He keeps tabs on you right up until you find the Railroad HQ, which is when you can actually interact with him. Finding that HQ can be a bit of a hassle for new players, though.
If you’ve got any decent amount of experience with Fallout 4, you can skip this step completely and head straight to the Old North Church in Downtown Boston.
Otherwise, you’re going to need to follow the main quest and complete the Freedom Trail during the Road to Freedom quest. The quest can be obtained via a variety of different methods early in the game, but the objective remains the same for them all.
Without a quest marker, you’ll need to head to Boston Common to find a trail of red bricks in the shape of a line. You’ll need to follow this line through Downtown Boston, keeping track of it through debris while fighting off any enemies you come across. Eventually, it’ll lead you to the Old North Church.
Old North Church
The Old North Church, much like Slocum Joe’s, is just a disguise for a subterranean Railroad HQ. Inside the Church, take care of a few ghouls and turn right as soon as you enter the main hall.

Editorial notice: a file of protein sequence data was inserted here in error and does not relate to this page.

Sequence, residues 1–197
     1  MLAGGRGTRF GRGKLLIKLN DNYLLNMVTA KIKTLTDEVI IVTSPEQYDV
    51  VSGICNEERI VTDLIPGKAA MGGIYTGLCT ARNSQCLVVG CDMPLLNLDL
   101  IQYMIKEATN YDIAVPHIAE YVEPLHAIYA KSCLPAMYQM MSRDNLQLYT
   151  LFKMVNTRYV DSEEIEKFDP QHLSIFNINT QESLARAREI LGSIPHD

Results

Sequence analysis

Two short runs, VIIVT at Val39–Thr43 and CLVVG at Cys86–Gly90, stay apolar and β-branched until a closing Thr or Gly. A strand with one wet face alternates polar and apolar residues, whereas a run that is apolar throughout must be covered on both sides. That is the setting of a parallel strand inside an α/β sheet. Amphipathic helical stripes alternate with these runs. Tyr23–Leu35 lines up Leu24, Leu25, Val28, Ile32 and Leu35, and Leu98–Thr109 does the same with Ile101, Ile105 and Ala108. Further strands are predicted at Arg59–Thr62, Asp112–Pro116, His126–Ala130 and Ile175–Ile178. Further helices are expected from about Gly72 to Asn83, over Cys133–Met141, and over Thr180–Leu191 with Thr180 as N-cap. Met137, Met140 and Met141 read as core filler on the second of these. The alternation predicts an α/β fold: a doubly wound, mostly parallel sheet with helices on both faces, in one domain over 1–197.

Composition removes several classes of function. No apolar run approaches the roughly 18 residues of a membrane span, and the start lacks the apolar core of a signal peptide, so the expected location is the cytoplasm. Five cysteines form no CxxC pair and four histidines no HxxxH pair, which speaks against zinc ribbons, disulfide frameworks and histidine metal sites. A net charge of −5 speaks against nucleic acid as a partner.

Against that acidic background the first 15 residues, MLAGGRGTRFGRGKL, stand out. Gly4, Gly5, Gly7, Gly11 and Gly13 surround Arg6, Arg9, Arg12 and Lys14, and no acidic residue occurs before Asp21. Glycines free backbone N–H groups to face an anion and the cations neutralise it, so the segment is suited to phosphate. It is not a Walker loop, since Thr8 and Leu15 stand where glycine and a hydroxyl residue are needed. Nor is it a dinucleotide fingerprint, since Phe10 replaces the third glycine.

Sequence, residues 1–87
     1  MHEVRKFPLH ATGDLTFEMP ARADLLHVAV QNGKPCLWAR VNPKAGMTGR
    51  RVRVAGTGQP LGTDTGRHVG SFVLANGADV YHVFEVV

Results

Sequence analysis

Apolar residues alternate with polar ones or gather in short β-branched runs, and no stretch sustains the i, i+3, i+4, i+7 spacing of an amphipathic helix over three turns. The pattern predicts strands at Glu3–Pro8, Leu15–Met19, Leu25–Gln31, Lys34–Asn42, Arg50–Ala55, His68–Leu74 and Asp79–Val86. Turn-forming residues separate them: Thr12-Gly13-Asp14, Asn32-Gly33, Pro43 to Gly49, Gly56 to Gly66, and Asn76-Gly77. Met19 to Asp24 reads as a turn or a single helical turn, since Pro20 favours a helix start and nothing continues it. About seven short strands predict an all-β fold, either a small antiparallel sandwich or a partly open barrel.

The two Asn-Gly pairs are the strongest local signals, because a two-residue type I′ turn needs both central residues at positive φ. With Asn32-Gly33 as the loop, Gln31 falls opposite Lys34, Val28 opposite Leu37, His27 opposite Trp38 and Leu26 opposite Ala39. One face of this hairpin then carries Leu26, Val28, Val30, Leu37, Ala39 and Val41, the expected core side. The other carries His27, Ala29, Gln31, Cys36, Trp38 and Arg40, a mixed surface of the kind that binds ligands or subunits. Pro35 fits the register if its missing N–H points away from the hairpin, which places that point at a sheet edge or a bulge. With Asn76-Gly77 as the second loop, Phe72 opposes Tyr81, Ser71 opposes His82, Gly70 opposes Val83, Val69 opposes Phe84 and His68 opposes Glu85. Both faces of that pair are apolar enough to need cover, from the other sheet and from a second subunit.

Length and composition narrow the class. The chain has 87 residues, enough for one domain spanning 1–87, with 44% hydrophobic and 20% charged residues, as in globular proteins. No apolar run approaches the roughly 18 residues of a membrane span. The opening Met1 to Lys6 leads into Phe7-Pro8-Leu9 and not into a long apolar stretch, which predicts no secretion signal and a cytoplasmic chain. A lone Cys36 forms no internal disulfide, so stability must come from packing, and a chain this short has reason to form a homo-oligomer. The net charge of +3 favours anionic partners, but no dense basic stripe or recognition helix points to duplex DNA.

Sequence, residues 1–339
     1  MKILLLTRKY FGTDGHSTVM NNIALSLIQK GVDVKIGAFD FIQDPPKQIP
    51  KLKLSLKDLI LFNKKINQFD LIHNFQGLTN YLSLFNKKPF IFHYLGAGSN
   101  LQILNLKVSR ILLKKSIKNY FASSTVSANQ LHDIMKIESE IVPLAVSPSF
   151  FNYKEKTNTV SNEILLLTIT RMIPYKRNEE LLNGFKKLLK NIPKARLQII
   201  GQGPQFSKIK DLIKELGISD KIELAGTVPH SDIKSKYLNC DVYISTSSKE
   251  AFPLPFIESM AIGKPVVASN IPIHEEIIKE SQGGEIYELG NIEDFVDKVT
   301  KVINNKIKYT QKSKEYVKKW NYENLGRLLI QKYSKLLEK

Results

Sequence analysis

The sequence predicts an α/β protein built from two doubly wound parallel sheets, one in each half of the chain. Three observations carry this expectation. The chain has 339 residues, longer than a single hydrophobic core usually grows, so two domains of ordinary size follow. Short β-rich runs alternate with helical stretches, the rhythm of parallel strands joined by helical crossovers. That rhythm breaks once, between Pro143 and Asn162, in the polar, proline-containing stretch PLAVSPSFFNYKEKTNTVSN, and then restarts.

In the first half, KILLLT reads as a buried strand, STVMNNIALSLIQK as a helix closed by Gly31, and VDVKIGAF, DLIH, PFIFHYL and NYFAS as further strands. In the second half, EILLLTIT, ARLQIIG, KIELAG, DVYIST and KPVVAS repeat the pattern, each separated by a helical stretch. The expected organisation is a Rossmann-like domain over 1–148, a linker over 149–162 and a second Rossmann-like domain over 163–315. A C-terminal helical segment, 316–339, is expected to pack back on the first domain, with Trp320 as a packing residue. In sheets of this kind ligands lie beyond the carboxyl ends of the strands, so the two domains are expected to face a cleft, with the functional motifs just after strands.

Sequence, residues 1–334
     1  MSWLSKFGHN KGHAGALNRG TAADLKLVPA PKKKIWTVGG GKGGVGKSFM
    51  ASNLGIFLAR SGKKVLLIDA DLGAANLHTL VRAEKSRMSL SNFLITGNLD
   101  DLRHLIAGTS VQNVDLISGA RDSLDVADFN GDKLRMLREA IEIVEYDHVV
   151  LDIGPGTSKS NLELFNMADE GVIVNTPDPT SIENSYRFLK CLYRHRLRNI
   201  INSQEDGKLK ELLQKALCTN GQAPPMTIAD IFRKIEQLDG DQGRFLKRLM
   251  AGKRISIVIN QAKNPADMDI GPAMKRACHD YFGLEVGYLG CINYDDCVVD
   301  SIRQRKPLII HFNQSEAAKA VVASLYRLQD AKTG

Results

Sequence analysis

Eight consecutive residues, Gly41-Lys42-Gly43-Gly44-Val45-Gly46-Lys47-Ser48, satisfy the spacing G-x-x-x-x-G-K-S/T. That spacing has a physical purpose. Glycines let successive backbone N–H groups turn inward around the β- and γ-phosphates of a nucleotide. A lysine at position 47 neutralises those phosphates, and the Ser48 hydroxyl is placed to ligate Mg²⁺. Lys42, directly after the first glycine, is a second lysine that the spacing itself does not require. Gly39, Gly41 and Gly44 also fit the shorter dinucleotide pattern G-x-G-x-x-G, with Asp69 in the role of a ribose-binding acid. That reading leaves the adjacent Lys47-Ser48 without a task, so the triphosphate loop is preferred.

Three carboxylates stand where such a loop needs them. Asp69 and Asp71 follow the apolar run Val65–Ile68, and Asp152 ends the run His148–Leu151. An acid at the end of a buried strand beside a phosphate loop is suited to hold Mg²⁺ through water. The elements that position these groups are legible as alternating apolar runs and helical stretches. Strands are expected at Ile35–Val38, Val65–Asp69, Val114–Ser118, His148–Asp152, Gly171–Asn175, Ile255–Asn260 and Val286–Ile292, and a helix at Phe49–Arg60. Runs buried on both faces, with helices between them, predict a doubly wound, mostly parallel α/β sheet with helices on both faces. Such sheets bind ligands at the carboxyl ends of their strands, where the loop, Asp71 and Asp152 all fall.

Take the staircase down and make your way through the catacombs until you reach a seal similar to the ones you saw during the Freedom Trail.
The outer ring of this seal spins like a safe combination. Spin it to spell out RAILROAD, and the wall will open, revealing Glory, Desdemona, and Deacon all waiting for you on the other side, at which point you’ll start Tradecraft.
Deacon doesn’t have any natural affinities in combat himself. However, his perk lends itself to stealth builds, so that’s what I recommend you focus his loadout around.
With this kind of build, you’re going to want Deacon to act as the center of attention while you attack from the shadows, so gear him up in a way that allows him to do that efficiently.
Power armor can help his survivability, but that will make staying in stealth harder. Instead, consider kitting him out with some Ballistic Weave clothing and something like a Combat Shotgun so that he can divert attention by getting up in the enemy’s face, making your job easier.
Alternatively, you could lean into his default playstyle of using a sniper rifle. In which case, keep the Ballistic Weave clothes but play at range with him, taking out enemies from afar both in and out of stealth.